Pack Rats vs. Organizational Skills

Today’s post is really an expansion of one of the major lessons learned thus far in the course of the October Platform Challenge.  In my last entry (see here), I listed seven important lessons I’ve learned.  Number two on the list was that I’m not nearly as organized as I once thought I was.  Over the past few days, I have been trying to address some of those organizational deficiencies.  And that gave rise to another revelation.  I am a Pack Rat!  I am constitutionally incapable of of letting go of those things that catch my interest.

My one saving grace in this area is the fact that those things that catch my interest are knowledge, information, that “one new thing every day”.  The house is not cluttered with ‘things’ I have acquired — keepsakes and curios.  My house is cluttered with books.  My office is cluttered with stacks of essays and articles I have printed out.  It is not sufficient for me to bookmark an interesting article.  I have to print it out so as to have words on paper readily at hand.  Nor is the fact that I have essentially the same information already on the shelf sufficient to allow me to pass up a somewhat different take on the same material.  Lying here on my desk in the stack of articles to be filed is “30 Tips for Writing a Book in 30 days”, an eleven page article by Writer’s Digest editor Jessica Strawser.  But wait!  What is that book sitting mere inches away on the shelf above my head?  “First Draft in 30 Days”, by Karen S. Wiesner?

A nineteen page short story by Kristine Kathryn Rusch that I want to read.  A seven page book review from The New Criterion on Donald Stoker’s new book, “Clausewitz: His Life and Work” examining both Clausewitz and his  magnum opus, “On War”.  Three related articles totalling 31 pages from The New Yorker on Mars and current planning for a manned mission to Mars in the near future.  “Why the Federal Goverment Fails” is a 44 page policy paper from The Cato Institute awaiting me.  A four page article from The Washingtn Post on “How Ukraine became Ukraine”, a geo-political analysis and history of this current news hotspot.  A sixty-plus page article/essay/small book on investing and investment vehicles.

This is a very short extract of titles in the pile marked “To be filed”.  There are 3-ring binders, appropriately labeled, to accomodate virtually all of these, lining the top shelf of the hutch on my desk, awaiting each of these bits of knowledge.  And. at some future point, I will reach up and pull down this binder or that one, find the article again, refresh my memory, and it will in some fashion, direct or indirect, become part of something I am writing, whether fiction or non-fiction, blog post, short story or novel.  That, of course, presupposes that I will get this stack of material filed in a somewhat timely fashion.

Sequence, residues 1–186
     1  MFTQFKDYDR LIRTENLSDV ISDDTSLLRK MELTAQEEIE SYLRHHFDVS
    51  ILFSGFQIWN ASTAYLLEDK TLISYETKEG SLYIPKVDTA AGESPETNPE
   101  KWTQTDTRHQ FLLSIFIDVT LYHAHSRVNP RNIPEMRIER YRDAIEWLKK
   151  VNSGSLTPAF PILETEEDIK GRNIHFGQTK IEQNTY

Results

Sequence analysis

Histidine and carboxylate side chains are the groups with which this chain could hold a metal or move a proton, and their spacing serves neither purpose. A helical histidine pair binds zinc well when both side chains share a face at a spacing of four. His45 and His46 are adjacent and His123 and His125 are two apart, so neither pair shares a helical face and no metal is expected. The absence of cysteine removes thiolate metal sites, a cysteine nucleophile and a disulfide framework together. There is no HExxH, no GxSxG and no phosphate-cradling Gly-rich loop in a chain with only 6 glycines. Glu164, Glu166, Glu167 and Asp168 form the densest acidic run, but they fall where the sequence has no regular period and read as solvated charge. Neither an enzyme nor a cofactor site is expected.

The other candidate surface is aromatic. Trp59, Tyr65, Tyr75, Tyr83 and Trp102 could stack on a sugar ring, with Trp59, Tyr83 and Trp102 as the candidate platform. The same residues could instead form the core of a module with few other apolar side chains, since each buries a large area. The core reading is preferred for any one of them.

Thus, I justify my ‘pack rat’ habits.  Why don’t I just bookmark these articles?  I suspect the answer to that question lies in a lifetime habit of reading printed words on paper.  The same words on my computer screen are simply less “comfortable”, and, true or not, I think I learn better from words on paper than on the digital screen.  So, I will continue to be ‘caught’ by an interesting article or blog as I wander through the internet.  I will continue to print out page after page of information and knowledge new to me.  I will continue to struggle to keep the “To Be Filed” stack under six inches at any given moment.

Most of all, I will continue to ‘learn one new thing each day’ and continue enjoying myself immensely, even when the “To Be Filed” stack inches past twelve inches high.


3 thoughts on “Pack Rats vs. Organizational Skills

  1. After reading this post I realized that I, too am a knowledge/information pack rat! I’ve felt proud of myself for constantly fighting the battle of gathering “things”, but I have stacks of books and piles of articles that I can’t decide what to do with. I just recently started using Evernote to capture some of those online things instead of printing them out, but I’m in the experimental stage with that. Good luck.

    Liked by 1 person

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